2 October 2017 – El Boletin
The strong outlook for tourism in Madrid is continuing to attract interest from investors, as shown by the fact that the Spanish capital was the largest focus for hotel investment in 2016, with a total volume of €445.3 million, according to the report “Five Keys Madrid vs Barcelona 2016 – 2017”, published by Irea.
Last year, Madrid recorded 13 transactions in total, the most notable of which involved the sale of Hotel Villa Magna to the Dogus Group. During the first half of 2017, the city of Madrid registered 6 hotel transactions, whereby doubling the number recorded in 2016, with a total volume of €312.9 million. By far the most significant operation in H1 2017 was the purchase of Edificio España by Riu Hotels, which is going to convert the property into a 650-room hotel in the heart of Madrid.
Meanwhile, Barcelona was relegated to third place in the hotel investment ranking in 2016, behind Madrid and the Canary Islands, but ahead of the Balearic Islands, with a hotel investment volume of €214.6 million. Six hotels were sold in the Catalan capital, containing 1,028 rooms in total.
Nevertheless, that investment figure represented a decrease of 38.8% with respect to the maximum reached in 2015, explained in large part by the price rise effect resulting from the hotel moratorium approved by the city’s Town Hall. The first half of 2017 was very active in terms of hotel transactions, with the sale of five hotels and a total investment of €230.2 million. The main transactions involved the purchase of 55% of Hilton Diagonal by AXA REIM (for a price per room of more than €300,000) and the acquisition of Silken Diagonal by Benson Elliot and Highgate.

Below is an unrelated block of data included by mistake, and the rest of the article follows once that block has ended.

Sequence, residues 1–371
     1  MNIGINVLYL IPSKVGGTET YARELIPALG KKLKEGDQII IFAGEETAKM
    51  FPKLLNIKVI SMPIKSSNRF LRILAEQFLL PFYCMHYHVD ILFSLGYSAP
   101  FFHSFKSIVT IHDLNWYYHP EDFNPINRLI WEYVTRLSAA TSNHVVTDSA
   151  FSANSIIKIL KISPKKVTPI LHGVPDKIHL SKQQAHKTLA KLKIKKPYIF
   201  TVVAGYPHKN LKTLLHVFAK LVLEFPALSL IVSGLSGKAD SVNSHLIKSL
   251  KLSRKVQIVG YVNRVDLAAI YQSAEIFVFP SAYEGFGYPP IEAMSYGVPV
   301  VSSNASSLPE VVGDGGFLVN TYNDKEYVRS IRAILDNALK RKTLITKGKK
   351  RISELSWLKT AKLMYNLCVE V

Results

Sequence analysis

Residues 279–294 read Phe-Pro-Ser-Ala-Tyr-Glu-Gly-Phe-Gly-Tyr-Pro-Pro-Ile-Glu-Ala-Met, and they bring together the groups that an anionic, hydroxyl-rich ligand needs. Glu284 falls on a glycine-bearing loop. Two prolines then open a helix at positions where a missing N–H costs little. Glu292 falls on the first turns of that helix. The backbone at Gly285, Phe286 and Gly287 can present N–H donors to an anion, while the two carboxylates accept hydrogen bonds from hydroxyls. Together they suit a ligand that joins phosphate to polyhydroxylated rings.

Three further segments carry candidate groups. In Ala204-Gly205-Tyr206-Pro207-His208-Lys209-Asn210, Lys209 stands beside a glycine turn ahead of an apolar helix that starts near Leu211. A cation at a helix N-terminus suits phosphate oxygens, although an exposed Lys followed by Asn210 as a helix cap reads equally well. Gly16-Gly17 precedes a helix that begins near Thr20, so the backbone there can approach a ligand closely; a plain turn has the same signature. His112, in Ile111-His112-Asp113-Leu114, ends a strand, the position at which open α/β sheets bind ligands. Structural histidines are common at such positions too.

Madrid also led the domestic ranking for the number of travellers last year and came second (after Barcelona) in terms of the number of overnight stays, with 9.0 million and 18.1 million, respectively. For another year, the Catalan capital was the leading destination in terms of overnight stays in 2016 (19.6 million); it received 7.5 million travellers, which represents an average stay of 2.6 days (vs. 2 days in Madrid).
The report highlights that in both markets, the behaviour of international demand has been excellent and it notes the growth of 10.2% in the case of Madrid during the first half of 2017, confirming the upwards trend driven by overseas tourists (…).
In terms of the hotel supply, Madrid recorded a total of 68,790 beds in the highest category (an almost identical figure to that of Barcelona) (…), with 5-star establishments accounting for 15% of the city’s hotel beds in 2016.
Although the statistical data do not reflect it yet, the recovery in the construction of new hotels in the capital is already evident – according to the report – and will be noted in the data for the coming years, given that short-medium term forecasts for Madrid indicate that more than 4,400 new hotel beds are going to available soon, led by major hotel chains and international investment funds, who are backing the city, given the strong outlook for its tourism sector (…).
The positive trend that Madrid has recorded in terms of demand, together with the stable evolution of its hotel supply, has led to the growth of operating results in recent years. The Spanish capital recorded an average RevPAR of €63.30 in 2016, up by 6.1% compared to 2015 and up by 32% compared to the minimum level recorded in 2013 (…).
Meanwhile, the profitability indicators for the hotel sector in Barcelona have also grown significantly in recent years. Revenue per available room experienced average annual growth of 2.3% during the period 2008-2016 (…). In 2016, RevPAR in Barcelona amounted to €95.90 (…) up by 5.2% compared to 2015.
Original story: El Boletin (by E. B.)
Translation: Carmel Drake